Take a look what Dyer’s bodyguard reviles about Jallianwala Massacres
Take a look what Dyer’s bodyguard reviles about Jallianwala Massacres

Today also if you even think about the incident you get goosebumps. April 13, 1919, was not just different Baisakhi day in Amritsar. On that Sunday, the celebrations were on mute and the streets were all quite. As the day wore on, the nearby Jallianwala Bagh began to fill up with people, many of whom had been to the Golden Temple.
Many people were gathered at Jallianwala Bagh to protest the arrest of Dr Satyapal and Dr Saifuddin Kitchlew, who had been opposing the Rowlatt Act. Suddenly, there was some chaos at the edges. The first gunshots were greeted with cries of “
phokiyaan, phokiyaan,” but all hell broke loose when blood-spattered people started falling to the ground.

Today let's take a tour of the incident that occurred that day:

On April 13, 1919, Dyer, 55, was like a man possessed. Giving a first-hand account of the day in “Amritsar: The massacre that ended the Raj” by Alfred Draper, Col Reginald Edward Harry Dyer​’s bodyguard Sergeant William Anderson recounted how the crowd seemed to “sink to the ground in a flurry of white garments” as the first volley was fired. The kneeling soldiers selected their targets and made each round tell. When the soldiers had emptied their carbines, Dyer ordered them to reload and direct their fire where the crowd was the densest.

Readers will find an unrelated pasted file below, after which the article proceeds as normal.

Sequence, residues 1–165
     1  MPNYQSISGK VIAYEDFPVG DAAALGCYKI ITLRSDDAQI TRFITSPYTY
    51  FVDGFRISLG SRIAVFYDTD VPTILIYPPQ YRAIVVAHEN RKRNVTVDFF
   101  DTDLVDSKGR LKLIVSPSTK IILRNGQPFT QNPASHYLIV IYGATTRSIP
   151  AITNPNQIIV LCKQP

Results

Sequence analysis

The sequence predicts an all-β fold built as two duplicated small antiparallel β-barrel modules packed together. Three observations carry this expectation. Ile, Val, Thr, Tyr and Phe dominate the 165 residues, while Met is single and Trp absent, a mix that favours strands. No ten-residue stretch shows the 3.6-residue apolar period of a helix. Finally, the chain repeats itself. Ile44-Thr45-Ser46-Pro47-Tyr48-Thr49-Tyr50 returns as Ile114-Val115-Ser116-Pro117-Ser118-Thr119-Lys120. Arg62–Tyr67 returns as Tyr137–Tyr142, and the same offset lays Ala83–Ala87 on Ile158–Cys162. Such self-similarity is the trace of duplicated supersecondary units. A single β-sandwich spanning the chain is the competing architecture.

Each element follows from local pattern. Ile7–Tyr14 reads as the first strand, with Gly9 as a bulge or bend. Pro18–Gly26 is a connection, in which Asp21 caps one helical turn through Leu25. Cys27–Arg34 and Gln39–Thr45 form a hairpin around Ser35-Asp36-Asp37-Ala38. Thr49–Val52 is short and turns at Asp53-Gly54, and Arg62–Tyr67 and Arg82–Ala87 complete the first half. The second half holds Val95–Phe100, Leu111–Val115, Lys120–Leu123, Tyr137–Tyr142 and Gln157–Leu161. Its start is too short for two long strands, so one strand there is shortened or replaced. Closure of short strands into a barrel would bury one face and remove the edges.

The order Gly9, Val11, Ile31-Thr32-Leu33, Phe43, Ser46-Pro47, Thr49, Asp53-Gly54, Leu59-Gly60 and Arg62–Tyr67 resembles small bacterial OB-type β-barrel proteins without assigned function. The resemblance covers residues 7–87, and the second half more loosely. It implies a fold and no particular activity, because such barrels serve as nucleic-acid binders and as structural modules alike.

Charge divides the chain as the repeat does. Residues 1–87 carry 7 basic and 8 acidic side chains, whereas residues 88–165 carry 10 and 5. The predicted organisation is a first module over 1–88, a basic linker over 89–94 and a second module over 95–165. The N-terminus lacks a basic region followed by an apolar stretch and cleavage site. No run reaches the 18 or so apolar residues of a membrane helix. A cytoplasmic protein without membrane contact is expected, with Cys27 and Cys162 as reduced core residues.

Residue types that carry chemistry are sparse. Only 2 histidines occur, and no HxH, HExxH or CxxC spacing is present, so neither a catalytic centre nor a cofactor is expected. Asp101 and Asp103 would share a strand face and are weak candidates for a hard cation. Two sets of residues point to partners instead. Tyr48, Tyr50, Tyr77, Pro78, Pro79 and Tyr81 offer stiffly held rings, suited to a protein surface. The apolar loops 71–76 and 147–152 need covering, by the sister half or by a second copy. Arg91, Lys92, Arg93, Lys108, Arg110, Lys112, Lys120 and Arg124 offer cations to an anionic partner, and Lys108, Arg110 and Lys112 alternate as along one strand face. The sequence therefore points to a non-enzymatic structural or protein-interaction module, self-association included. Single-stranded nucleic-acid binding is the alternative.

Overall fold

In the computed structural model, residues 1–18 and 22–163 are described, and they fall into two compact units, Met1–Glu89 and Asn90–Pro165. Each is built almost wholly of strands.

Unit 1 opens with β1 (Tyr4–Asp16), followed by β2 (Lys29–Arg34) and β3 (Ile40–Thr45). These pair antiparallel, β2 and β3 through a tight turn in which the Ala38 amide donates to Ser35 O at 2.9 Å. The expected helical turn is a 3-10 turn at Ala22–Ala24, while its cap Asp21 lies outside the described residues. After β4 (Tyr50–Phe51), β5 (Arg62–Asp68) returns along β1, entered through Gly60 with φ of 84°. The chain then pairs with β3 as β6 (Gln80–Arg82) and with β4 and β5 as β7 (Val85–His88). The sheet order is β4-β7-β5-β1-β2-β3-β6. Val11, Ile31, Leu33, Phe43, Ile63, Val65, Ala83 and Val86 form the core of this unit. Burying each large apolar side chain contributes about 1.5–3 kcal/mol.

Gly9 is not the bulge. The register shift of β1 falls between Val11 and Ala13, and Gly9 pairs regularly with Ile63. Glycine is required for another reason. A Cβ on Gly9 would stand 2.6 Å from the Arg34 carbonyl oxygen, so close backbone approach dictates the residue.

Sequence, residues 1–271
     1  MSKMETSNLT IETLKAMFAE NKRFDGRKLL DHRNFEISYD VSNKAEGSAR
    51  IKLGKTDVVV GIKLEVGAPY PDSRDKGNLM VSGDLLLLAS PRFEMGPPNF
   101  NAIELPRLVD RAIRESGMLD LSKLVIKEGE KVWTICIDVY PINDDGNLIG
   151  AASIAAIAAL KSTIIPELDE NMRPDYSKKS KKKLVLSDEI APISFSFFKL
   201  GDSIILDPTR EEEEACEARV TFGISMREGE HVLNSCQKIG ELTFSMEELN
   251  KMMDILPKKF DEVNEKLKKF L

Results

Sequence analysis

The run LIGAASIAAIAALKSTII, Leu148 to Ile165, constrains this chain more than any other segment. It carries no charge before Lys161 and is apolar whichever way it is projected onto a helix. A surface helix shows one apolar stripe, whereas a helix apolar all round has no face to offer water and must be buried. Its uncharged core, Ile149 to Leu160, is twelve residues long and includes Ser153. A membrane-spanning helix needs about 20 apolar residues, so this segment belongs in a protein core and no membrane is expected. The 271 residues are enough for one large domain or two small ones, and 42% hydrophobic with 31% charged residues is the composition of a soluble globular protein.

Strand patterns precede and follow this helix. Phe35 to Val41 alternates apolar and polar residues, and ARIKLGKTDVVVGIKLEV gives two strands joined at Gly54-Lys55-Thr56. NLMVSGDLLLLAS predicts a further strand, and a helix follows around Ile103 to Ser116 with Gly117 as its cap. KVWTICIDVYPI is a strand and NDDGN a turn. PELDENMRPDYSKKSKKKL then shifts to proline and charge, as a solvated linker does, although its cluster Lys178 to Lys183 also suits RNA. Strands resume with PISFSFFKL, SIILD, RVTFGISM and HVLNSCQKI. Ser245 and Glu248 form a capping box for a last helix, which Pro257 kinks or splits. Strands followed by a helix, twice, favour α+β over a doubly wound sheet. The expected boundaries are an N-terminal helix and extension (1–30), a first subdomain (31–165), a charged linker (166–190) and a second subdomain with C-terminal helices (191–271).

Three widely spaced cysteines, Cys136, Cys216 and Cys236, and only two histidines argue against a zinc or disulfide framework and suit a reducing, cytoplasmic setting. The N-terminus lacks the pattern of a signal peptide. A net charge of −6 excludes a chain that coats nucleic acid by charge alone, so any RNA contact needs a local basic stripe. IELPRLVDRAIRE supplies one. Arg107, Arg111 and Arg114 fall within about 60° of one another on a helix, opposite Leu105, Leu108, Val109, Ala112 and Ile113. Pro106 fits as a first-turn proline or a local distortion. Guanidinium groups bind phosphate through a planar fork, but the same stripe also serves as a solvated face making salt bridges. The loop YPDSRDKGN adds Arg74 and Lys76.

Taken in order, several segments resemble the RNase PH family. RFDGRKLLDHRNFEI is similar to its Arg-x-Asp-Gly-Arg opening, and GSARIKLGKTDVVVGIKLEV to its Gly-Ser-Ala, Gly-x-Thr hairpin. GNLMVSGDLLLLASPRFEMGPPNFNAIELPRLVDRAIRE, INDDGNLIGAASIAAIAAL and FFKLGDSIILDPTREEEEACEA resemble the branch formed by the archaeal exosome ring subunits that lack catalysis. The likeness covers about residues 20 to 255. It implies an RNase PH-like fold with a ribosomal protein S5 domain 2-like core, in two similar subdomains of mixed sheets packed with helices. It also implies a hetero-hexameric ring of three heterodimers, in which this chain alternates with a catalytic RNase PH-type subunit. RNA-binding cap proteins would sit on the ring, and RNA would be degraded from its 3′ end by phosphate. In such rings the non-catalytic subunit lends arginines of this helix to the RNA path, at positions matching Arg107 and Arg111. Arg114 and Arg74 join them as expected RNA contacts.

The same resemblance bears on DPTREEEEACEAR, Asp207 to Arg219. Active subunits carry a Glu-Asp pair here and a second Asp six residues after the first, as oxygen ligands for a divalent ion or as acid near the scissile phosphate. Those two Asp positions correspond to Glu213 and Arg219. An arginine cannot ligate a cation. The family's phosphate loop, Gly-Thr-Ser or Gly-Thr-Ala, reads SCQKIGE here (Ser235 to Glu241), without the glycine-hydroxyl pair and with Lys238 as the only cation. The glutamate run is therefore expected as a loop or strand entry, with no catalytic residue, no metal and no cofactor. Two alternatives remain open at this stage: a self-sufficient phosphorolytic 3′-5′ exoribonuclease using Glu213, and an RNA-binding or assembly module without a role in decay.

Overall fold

Anderson says he noticed Dyer’s brigade-major Captain Briggs crunching his face as if in pain and clutching at Dyer’s sleeve, but the latter did not notice, and instead directed fire towards the peepul trees where a large number of people were concentrated.
Later, when deposing in front of the eight-member Hunter Commission, he told Chimanlal Setalvad, vice-chancellor of Bombay University: “I did not like the idea of doing it… it was a merciful though horrible act… I thought I would be doing a jolly lot of good and they would realise that they were not to be wicked.”
Later, after his resignation, Dyer told a reporter: “And now, I am told to go for doing my duty — my horrible, dirty duty.”

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